Academic coaching can be a valuable resource to help individuals reach their academic goals. An academic coach is someone who is there to offer expertise and guidance in sorting through academic challenges and help the individual develop strategies to proactively approach academic success. Through developing time management skills, successful study practices, and improved academic performance, our academic coaches can offer people the support they need in organizing their academic commitments and expectations. For those interested in taking a proactive role in their academic development, academic coaching is an effective tool for finding academic success.
Learning Academic Skills Early
Middle school is a time to learn how to learn and develop high school readiness skills. Over the 2 to 3 years of middle school, students engage their executive functioning skills in a more integrated way, as compared to life in elementary school. Most students naturally integrate their executive functioning skills in middle school and assimilate to the different expectations of changing classes, completing more homework, and preparing for more short and long-term assignments. Many other students need direct and explicit instruction and coaching on how to integrate executive functioning strategies to manage these new academic demands and the new learning processes.
Literacy Gap and Executive Function Skills
Too many children are behind in their reading and writing skills. Dr. Murphy shares the impact 1:1 computing has on literacy skills and on note-taking and metacognition. Reading is a building block of academic skills, study skills, and metacognitive skills. The more time our kids read, the better these skills become. Unfortunately, children are reading less and less. Their lives are consumed with other activities that take away the downtime needed to embrace reading. Pro-Parenting with Dr. Murphy. My Child Doesn't Read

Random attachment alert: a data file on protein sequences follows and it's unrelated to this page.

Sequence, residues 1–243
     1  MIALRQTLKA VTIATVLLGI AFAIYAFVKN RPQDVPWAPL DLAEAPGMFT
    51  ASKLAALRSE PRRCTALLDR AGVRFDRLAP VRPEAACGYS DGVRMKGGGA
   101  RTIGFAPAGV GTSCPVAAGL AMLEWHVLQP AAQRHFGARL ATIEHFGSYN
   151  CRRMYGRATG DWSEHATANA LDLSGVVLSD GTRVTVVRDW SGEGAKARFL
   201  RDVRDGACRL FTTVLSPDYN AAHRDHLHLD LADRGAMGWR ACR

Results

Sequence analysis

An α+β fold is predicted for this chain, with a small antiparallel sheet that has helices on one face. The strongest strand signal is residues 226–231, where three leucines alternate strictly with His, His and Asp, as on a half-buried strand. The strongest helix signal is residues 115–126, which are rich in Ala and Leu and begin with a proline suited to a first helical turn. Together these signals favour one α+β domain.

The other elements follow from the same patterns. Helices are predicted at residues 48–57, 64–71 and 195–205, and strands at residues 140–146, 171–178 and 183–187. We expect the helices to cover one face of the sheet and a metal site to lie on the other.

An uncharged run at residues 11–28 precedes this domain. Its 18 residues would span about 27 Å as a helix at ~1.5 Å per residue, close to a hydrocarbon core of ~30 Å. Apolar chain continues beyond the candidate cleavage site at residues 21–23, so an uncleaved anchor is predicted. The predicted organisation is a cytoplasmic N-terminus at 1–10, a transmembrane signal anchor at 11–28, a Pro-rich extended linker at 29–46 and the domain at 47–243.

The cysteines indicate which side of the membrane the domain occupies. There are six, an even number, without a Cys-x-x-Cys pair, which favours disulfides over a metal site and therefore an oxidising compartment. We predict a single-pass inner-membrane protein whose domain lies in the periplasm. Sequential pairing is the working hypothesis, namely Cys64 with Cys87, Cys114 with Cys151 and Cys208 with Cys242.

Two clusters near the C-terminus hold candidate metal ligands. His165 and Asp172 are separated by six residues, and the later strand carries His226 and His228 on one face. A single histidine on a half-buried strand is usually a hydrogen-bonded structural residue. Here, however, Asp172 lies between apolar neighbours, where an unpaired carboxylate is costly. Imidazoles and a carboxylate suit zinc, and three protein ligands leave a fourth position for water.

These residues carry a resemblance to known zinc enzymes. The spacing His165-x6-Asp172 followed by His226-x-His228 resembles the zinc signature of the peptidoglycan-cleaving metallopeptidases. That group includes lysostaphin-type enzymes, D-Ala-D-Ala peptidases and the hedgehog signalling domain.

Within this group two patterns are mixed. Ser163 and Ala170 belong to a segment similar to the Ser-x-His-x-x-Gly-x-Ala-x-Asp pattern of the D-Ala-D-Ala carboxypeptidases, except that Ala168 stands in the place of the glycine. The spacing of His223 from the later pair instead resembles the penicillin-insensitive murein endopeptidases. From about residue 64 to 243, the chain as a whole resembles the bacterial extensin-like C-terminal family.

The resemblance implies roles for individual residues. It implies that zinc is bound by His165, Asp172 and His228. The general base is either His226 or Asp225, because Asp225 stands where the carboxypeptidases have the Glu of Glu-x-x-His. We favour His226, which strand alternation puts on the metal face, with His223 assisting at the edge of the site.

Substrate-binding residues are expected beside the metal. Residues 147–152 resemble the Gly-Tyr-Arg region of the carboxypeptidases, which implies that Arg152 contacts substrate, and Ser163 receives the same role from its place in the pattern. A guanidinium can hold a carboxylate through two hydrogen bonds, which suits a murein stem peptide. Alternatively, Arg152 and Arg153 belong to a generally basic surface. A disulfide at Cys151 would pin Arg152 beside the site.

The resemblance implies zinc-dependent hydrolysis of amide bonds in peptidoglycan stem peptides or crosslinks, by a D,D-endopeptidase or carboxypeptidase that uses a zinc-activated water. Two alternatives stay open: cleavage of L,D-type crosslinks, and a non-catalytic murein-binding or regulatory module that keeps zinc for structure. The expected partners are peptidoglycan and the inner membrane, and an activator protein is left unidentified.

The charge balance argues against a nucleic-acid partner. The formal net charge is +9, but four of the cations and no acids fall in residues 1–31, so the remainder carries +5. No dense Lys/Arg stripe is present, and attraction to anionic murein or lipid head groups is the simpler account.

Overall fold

Benefits of Working with an Academic Coach
Students develop skills to manage the learning process:
- Learning strengths and weaknesses
- Note-taking - typed vs. handwritten
- Organization - handouts and notes
- Working memory strategies - nonverbal and verbal
- Metacognitive strategies - self-advocating / problem solving / self-reflecting
- Homework habits - initiating, tracking, prioritizing, monitoring
- Active studying through self-testing
- Growth mindset - 'work smarter, not harder' / 'Zero Zeros.'
"Working with my coach, I felt like I was working smarter, not harder, for the first time in my life." - Jake, a high school sophomore who struggled to manage the learning process. Through the academic coaching process, Jake learned to take notes, track assignments, and develop a 'Zero Zero' mindset. He is now attending Northeastern University School of Engineering.
EEC Academic Coaching
EEC Coaches know that Effective Homework Habits Are The Building Blocks of Study Skills. By starting with foundational academic skills, students learn individualized executive functioning skills to consistently organize, plan, and initiate on a daily basis the academic demands. The academic coaching process starts with defining educational goals and engaging each student's intrinsic motivation for school and learning. Students then understand their priorities related to their personal and academic goals and responsibilities.
This is followed by helping each student develop consistent organizational processes to manage the flow of materials.
- Design an adequate learning space and then create a method to track the flow of homework, classwork, handouts, and written notes.
- Learn how to use a planner to track daily homework assignments, and prioritize and initiate a successful homework routine.